‘Bachelor’ Alum Melissa Rycroft Falls Ill on Trip to Dominican Republic. Is the Country Safe to Visit?
The Bachelor star Melissa Rycroft fell ill with a mysterious stomach ailment after a family vacation to the Dominican Republic. The 36-year-old is just the latest in a string of American tourists to get sick after visiting the Caribbean country.
While Rycroft is at home now and seems to be recovering, others were not so lucky. In the last year, nine U.S. visitors to the Dominican Republic have died while on vacation, with many others saying they’ve gotten sick. Officials in the island nation have said the deaths are “unrelated and isolated,” but that hasn’t stopped many people from wondering if the Dominican Republic is still safe to visit.
Rycroft’s trip to the Caribbean turned ugly
Last week, Rycroft posted a cut pic of herself with husband Tye Strickland and their three kids on the beach at the Nickelodeon Hotels and Resorts in Punta Cana. “Made memories for a lifetime…!!” Rycroft captioned the photo. But things were very different just one day later.
“Not feeling well today, so puppy cuddles help since my kiddos don’t seem to care….,” she shared.
“After a really rough week, I have been put on a liquid diet, and given meds for my severe cramping. Fingers crossed this goes away in 3 days,” she added in a follow-up post.
Fortunately, Rycroft is now on the road to recovery, sharing that her doctor had given her some different medication and she was feeling “much better.”
What’s going on in the Dominican Republic?
Rycroft is one of many American tourists who have become sick while visiting the Dominican Republic in recent months.
A group of Jimmy Buffett fans say some members of their group came down with a serious illness while staying at the Hotel Riu Palace Macao in Punta Cana in April. At least six Oklahoma teens who were in the country celebrating their high school graduation also got sick after eating at a restaurant at the Hard Rock Hotel and Casino in Punta Cana. The Parrotheads and the high school group both reported symptoms of gastrointestinal illness, such as stomach cramps, fever, and diarrhea.
Nine Americans have also died during recent trips to the Dominican Republic. In several cases, people passed away after consuming drinks from their hotel minibar. That’s lead some to speculate that bootleg alcohol could be the cause. Others have wondered if a toxic pesticide is to blame.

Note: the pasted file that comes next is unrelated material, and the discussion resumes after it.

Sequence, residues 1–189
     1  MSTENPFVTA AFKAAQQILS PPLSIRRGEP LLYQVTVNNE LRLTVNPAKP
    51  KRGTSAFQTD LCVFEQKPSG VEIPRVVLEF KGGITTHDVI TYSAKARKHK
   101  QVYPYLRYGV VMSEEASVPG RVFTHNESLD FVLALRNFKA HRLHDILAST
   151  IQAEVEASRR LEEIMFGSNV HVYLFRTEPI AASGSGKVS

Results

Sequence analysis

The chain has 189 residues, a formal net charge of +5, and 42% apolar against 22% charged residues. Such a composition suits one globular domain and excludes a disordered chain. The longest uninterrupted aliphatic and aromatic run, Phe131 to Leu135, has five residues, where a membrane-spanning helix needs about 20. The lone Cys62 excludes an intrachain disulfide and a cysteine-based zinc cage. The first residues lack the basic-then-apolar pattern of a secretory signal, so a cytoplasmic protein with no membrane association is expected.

Is it safe to travel to the Dominican Republic?
The spate of deaths has some wondering if they should cancel plans to travel to the Dominican Republic.
Authorities in the country say that the incidents are not connected. The U.S. Embassy in the Dominican Republic says that local officials have asked for the FBI’s help in conducting toxicology analysis on several of the recent cases.
“The U.S. Embassy in Santo Domingo is actively working with the Government of the Dominican Republic and the private sector at the highest levels to ensure that U.S. citizens are safe and feel safe while in the Dominican Republic,” Ambassador Robin Bernstein said in a statement.
While the recent incidents have attracted a lot of media attention, there hasn’t actually been a spike in the number of Americans dying in the country. According to NBC News, the seven U.S. citizens who have died in the Dominican Republic so far in 2019 is lower than the number of deaths in many recent years. In 2016, 13 Americans died of unnatural causes in the country through June. In 2015 and 2011, the number was 15.
“We have not seen an uptick in the number of U.S. citizen deaths reported to the department,” a State Department official told NBC.
If you are visiting the country, experts suggest staying at a reputable resort and opening windows in your room to provide ventilation. You should also carefully inspect the minibar before consuming any drinks.
“When you look at the sheer number of people who are vacationing there, and then you look at the number of incidents, the numbers are overwhelming in your favor but that does not prevent you or shouldn’t prevent you from asking some basic, common sense questions,” said CBS News travel editor Peter Greenberg.